Faculty Sponsor's Department:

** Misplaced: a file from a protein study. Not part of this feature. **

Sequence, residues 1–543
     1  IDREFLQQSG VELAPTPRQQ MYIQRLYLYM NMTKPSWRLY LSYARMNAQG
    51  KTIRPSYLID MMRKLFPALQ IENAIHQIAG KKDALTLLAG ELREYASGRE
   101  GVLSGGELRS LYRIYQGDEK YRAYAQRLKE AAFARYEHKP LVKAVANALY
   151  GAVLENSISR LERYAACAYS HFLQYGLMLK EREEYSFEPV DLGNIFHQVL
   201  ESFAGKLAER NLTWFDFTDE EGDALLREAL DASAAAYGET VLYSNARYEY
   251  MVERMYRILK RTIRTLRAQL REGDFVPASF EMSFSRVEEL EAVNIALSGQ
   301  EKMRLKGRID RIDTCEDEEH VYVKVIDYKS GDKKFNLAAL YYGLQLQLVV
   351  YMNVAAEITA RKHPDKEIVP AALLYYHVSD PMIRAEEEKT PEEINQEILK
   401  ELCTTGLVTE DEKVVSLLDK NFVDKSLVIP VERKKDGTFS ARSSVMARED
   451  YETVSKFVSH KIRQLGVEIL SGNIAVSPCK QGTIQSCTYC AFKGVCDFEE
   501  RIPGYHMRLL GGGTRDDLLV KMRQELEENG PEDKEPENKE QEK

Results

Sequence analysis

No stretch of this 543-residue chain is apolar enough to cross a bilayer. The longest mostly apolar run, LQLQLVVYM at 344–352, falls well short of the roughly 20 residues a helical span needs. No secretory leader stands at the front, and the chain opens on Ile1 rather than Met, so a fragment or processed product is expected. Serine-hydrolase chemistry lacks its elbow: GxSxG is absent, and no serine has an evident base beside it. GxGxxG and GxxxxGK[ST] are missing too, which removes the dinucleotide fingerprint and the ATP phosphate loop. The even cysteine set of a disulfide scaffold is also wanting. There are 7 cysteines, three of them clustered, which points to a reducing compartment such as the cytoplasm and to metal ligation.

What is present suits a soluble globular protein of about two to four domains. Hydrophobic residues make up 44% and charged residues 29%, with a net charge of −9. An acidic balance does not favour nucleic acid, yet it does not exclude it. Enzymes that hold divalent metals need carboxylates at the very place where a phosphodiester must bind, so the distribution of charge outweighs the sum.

There is considerable interest in investigating new thermal barrier coating (TBC) materials that are able to withstand high-temperature environments, with a view to increasing the energy efficiency of gas turbines used in aerospace and power generation. A particular challenge is the degradation of the TBC due to infiltration of molten deposits known as calcium-magnesium-alumino-silicates (CMAS). CMAS originates from siliceous debris ingested with the intake air and limits the operating surface temperature of coated components. A primary mitigation mechanism for CMAS infiltration is the dissolution and recrystallization of the CMAS constituents into stable phases on the TBC surface. Yttria-stabilized zirconia and gadolinium zirconates are well known TBC materials, however a thermodynamic database that contains information on their reactivity and stability with CMAS has yet to be fully determined. In this project, the phase equilibria of the ZrO2-SiO2-GdO1.5 system, where silica is taken to be representative of the CMAS contribution, were studied. Oxide powders were synthesized via the reverse co-precipitation technique; compounds of varying stoichiometry were pressed into pellets and heat treated at 1400°C and 1600°C. Powder x-ray diffraction and scanning electron microscopy, coupled with energy dispersive x-ray spectroscopy, were used for phase identification and stoichiometry confirmation. Based on the results from these experiments, the 1400°C and 1600°C sections of the ZrO2-SiO2-GdO1.5 phase diagram were constructed.